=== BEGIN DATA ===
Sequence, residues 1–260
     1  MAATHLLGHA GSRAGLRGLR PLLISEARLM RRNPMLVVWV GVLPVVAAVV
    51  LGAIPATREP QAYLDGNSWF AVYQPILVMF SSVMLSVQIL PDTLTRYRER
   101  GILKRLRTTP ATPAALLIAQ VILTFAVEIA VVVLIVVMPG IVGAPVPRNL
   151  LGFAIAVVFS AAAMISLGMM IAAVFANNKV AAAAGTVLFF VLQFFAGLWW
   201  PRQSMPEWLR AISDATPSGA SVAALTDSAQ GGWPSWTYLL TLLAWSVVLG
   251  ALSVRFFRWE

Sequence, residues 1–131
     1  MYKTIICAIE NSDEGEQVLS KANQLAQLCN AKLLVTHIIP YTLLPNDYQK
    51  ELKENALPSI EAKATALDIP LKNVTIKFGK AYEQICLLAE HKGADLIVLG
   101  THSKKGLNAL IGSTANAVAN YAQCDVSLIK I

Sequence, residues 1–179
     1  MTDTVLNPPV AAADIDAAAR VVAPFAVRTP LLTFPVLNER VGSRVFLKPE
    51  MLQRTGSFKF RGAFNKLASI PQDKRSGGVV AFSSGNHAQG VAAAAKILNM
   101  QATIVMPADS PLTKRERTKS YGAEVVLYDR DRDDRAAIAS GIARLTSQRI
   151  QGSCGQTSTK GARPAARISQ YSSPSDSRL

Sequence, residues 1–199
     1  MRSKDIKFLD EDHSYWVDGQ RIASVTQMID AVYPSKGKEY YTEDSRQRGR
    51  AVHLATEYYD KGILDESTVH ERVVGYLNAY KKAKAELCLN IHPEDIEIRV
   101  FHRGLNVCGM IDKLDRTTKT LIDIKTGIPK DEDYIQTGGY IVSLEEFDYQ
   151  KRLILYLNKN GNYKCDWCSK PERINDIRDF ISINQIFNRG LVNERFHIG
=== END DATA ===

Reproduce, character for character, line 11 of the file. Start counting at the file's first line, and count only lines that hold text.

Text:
   101  THSKKGLNAL IGSTANAVAN YAQCDVSLIK I